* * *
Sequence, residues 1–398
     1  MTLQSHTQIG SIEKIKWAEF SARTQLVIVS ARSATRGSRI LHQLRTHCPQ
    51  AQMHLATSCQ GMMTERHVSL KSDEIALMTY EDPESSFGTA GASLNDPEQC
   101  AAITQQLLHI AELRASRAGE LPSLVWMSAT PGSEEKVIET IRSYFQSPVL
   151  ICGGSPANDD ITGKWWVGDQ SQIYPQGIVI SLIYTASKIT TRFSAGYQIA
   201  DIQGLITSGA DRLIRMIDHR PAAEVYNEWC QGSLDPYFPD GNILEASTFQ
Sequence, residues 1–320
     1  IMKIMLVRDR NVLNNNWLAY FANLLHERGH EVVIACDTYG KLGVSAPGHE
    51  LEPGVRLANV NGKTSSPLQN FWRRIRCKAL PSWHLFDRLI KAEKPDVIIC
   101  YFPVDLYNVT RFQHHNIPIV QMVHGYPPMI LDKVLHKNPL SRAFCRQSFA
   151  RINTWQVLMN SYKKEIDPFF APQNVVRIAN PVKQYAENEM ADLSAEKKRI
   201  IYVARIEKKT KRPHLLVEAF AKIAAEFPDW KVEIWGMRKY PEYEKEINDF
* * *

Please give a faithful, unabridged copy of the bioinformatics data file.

Sequence, residues 1–398
     1  MTLQSHTQIG SIEKIKWAEF SARTQLVIVS ARSATRGSRI LHQLRTHCPQ
    51  AQMHLATSCQ GMMTERHVSL KSDEIALMTY EDPESSFGTA GASLNDPEQC
   101  AAITQQLLHI AELRASRAGE LPSLVWMSAT PGSEEKVIET IRSYFQSPVL
   151  ICGGSPANDD ITGKWWVGDQ SQIYPQGIVI SLIYTASKIT TRFSAGYQIA
   201  DIQGLITSGA DRLIRMIDHR PAAEVYNEWC QGSLDPYFPD GNILEASTFQ
Sequence, residues 1–320
     1  IMKIMLVRDR NVLNNNWLAY FANLLHERGH EVVIACDTYG KLGVSAPGHE
    51  LEPGVRLANV NGKTSSPLQN FWRRIRCKAL PSWHLFDRLI KAEKPDVIIC
   101  YFPVDLYNVT RFQHHNIPIV QMVHGYPPMI LDKVLHKNPL SRAFCRQSFA
   151  RINTWQVLMN SYKKEIDPFF APQNVVRIAN PVKQYAENEM ADLSAEKKRI
   201  IYVARIEKKT KRPHLLVEAF AKIAAEFPDW KVEIWGMRKY PEYEKEINDF